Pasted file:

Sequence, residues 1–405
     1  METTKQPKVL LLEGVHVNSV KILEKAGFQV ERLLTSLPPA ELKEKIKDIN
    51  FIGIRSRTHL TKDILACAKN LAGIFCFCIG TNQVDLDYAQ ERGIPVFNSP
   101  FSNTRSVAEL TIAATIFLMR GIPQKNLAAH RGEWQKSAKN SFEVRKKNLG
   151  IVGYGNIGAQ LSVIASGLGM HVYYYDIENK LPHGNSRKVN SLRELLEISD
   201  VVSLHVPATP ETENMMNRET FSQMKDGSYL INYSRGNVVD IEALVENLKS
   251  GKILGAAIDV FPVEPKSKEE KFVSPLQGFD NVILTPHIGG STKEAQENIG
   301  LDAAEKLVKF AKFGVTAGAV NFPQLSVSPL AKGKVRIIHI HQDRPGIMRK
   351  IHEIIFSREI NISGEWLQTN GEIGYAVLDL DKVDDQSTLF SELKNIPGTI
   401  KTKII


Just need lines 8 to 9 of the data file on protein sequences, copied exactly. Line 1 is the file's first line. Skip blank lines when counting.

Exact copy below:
   301  LDAAEKLVKF AKFGVTAGAV NFPQLSVSPL AKGKVRIIHI HQDRPGIMRK
   351  IHEIIFSREI NISGEWLQTN GEIGYAVLDL DKVDDQSTLF SELKNIPGTI